The Story of Atlanta’s ProteJ: From Obscure Jewish Start-Ups To Swimming With Sharks

by Jennie Rivlin Roberts

For all the people out there who are turning ideas into action in the Jewish world: this post is for you.

This is the story of a grassroots movement of Jewish social entrepreneurs in Atlanta that grew into a community partnership.

“A Smashing Success”

Last June, 300 Jewish Atlantans cheered for and funded six Jewish social ventures at an over-sold, standing room-only event hosted by the Jewish Federation of Greater Atlanta.

Shark Tank: ProtéJ Edition” featured business pitches from Jewish social entrepreneurs to a panel of celebrity sharks including: Laurie Ann Goldman, CEO, Spanx; Michael Kogon, CEO, Definition 6; and Bernie Marcus, Co-founder, Home Depot. With integrated text-to-pledge and “shark buck” pledge coupons, the audience was engaged at every turn. Over 29K for the ventures was raised that night.

The first Jewish event of its kind in Atlanta, Shark Tank: ProtéJ Edition was described as “a smashing success”. The community also noted that the relationship between the start-ups and the Federation was “an exciting surprise” given the relationship did not even exist one-year prior.

It was a brilliant ending to a Jewish social entrepreneur support pilot program called ProtéJ in which:

1. Seven entrepreneurs were matched with nine mentors.
2. Each venture was eligible to win a $5000 Leveraging Grant (to develop new fundraising or revenue)
3. Entrepreneurs:

  • learned from workshops focused on the topic of “Becoming Fully Funded”
  • received world-class pitch-training
  • were eligible for a $500 professional development grant
  • hosted “Salons” for the community
  • published articles
  • “came out” (in the debutante ball kind of way) to the Atlanta Jewish community

And beyond the participating entrepreneurs, ProtéJ had significant community impact:

  • ProtéJ created a much broader and stronger network of people that supports Jewish social entrepreneurship in Atlanta. (For example, more than 70 people contributed to make ProtéJ happen as leaders, entrepreneurs, mentors, community participants, advisors, trainers, coaches and judges for Shark Tank. Dozens of people are connected through the Facebook page, and over 300 are on the mailing list.)
  • It motivated other entrepreneurs to commit their talent and time to enriching Atlanta Jewish life. (For example, we identified 12 potential future ProtéJs.)
  • It encouraged a stronger connection to already existing Jewish community life and institutions. (For example, six of seven entrepreneurs reported feeling more connected to the Federation and donations from the group increased 60% over the year pre-ProtéJ.)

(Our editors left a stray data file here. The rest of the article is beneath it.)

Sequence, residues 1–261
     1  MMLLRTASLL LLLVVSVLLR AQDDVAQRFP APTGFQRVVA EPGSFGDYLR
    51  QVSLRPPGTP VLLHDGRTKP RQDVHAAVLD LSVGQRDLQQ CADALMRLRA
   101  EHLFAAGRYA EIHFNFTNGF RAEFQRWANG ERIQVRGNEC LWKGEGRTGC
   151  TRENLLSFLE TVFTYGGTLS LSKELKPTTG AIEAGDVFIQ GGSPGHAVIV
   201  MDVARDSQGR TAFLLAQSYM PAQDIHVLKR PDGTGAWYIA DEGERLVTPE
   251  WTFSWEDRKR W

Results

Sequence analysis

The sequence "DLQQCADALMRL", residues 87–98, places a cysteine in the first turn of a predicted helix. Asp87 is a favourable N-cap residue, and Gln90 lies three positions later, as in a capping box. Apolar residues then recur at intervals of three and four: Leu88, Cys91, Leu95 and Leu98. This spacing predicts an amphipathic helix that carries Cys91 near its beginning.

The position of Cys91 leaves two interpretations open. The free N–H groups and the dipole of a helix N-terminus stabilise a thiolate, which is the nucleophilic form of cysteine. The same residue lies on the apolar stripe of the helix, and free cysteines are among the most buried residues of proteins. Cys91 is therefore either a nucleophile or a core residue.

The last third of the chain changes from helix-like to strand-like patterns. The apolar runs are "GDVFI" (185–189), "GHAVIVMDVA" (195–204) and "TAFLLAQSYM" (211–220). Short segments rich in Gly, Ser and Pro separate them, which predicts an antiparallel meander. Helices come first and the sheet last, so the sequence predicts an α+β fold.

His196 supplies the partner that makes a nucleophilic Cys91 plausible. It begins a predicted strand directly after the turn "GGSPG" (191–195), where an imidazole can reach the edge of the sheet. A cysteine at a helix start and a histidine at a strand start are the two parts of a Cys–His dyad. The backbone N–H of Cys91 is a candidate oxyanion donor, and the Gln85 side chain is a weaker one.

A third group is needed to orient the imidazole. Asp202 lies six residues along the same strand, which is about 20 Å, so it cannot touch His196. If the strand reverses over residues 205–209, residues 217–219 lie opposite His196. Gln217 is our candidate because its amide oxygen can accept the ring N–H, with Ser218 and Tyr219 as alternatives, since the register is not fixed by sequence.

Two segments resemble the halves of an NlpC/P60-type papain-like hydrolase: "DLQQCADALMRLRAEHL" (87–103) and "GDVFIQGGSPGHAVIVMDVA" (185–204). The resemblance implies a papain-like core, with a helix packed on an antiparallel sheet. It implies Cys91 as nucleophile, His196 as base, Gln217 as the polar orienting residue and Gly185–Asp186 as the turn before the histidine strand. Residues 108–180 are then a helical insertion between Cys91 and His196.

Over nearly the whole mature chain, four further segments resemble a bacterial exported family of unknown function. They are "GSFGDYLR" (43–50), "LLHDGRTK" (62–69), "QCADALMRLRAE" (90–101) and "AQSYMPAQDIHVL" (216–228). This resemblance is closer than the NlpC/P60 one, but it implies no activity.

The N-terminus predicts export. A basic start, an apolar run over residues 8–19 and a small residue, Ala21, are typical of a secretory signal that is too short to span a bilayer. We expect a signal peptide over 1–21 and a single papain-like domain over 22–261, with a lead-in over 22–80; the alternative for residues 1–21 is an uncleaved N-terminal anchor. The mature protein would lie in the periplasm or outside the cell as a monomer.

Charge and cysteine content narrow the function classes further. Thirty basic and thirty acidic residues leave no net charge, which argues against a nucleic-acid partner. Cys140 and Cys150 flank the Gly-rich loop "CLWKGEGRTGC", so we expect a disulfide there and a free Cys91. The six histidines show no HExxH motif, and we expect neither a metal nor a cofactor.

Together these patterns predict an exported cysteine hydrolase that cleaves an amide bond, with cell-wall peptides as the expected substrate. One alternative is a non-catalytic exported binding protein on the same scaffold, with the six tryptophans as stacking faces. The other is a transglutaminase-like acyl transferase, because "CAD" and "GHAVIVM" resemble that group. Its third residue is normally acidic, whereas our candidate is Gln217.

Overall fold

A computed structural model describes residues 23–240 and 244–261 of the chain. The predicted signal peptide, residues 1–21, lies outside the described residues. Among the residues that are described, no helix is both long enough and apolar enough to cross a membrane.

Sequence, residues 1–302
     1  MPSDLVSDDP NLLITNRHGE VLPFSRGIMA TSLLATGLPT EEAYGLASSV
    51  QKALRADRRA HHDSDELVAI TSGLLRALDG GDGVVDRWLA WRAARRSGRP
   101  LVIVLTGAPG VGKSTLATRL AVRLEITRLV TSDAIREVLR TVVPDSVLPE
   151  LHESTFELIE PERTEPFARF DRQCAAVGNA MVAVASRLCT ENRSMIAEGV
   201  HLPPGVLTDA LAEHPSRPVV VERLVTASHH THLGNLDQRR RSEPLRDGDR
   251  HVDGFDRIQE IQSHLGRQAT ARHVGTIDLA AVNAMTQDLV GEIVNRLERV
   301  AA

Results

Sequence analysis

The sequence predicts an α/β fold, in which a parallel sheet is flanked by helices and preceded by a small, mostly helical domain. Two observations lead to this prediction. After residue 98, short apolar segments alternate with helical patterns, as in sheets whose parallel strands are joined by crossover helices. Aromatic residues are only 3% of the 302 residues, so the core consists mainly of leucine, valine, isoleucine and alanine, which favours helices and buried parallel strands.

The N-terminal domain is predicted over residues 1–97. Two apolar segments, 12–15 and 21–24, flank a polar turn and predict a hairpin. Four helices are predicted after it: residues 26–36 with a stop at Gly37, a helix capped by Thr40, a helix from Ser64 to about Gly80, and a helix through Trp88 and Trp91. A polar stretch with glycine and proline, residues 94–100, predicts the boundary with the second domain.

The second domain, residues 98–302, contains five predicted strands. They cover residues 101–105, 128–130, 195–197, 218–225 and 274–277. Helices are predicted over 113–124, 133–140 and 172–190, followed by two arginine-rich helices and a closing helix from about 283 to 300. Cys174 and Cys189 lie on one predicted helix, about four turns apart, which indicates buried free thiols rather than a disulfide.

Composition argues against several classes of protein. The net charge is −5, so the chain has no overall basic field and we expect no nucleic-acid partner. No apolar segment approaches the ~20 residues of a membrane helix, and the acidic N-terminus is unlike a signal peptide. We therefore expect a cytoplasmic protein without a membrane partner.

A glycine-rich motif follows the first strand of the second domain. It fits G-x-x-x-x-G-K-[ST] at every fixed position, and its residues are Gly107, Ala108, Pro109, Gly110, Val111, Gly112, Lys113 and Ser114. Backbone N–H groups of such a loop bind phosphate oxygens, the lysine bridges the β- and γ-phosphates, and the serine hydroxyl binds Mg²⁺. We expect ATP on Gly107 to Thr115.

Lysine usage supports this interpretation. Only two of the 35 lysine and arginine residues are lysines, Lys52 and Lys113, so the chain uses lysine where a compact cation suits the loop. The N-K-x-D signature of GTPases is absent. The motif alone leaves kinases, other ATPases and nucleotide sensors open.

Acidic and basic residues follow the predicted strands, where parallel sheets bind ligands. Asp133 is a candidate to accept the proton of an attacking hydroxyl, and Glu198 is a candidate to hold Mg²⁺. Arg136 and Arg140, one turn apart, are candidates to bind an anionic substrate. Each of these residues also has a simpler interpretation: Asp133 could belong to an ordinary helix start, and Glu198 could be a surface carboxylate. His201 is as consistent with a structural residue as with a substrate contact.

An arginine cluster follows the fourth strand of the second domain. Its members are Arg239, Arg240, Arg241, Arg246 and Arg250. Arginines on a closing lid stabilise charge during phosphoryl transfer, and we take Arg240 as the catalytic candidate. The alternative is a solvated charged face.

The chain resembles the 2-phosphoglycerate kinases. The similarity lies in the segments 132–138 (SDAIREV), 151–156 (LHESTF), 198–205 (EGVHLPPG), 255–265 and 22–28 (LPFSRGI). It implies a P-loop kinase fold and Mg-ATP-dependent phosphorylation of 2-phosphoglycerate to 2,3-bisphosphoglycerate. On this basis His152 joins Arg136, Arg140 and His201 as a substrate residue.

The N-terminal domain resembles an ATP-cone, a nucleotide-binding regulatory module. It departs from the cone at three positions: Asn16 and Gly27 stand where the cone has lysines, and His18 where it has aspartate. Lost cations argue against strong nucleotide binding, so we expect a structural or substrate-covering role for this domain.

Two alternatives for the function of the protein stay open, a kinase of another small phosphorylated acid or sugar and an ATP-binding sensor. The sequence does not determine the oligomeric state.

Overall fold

(If you are interested in the measures and details, you can read the ProtéJ Evaluation Report.)

All of this was brought about by a grassroots movement, led by myself and fueled by the passion, enthusiasm, and rolled-up-sleeves of peer entrepreneurs.

Our Beginning: Limmud to Indie Innovators to ProtéJ

Back in 2010, a group of Jewish social entrepreneurs sat in my living room and said to each other, “we really need to start promoting ourselves: noone knows about us”. We’d heard a rumor that one of our Jewish leaders had said that he didn’t know of any young entrepreneurs doing the kinds of innovative projects that, say, PresenTense supports.

By then, a group of us had met through Limmud Atlanta+SE. Ana Fuchs of Jewish Kids Groups, Russell Gottschalk of Atlanta Jewish Music Festival, Naomi Rabkin of Jewish Food Alliance, Marcy Levinson of Atlanta Jewish, Patrick Aleph of PunkTorah and, myself, with we were all friends and colleagues collaborating together.

All of us had clients in the Atlanta market – but our market penetration was small. Yet, we just knew that if Jewish Atlantan’s knew about our ventures many would totally dig them.

So we decided to help ourselves.

At the next Limmud Atlanta + Southeast event we created a showcase: “Meet Atlanta’s Jewish Indie Innovators.” We hosted a panel discussion in front of about 100 people. For the first time together, the entrepreneurs shared their ventures and I spoke about what other cities were doing to support their Jewish social entrepreneurs. The energy both on stage and in the audience was contagious.

It was through that showcase that we found our way to a family foundation which became excited about helping our community of Jewish social entrepreneurs.

The foundation envisioned a local program designed to fit the current community of Jewish social entrepreneurs. We social entrepreneurs brainstormed and created the first proposal for an “Innovation Hub”.

It was rejected for being too ambitious.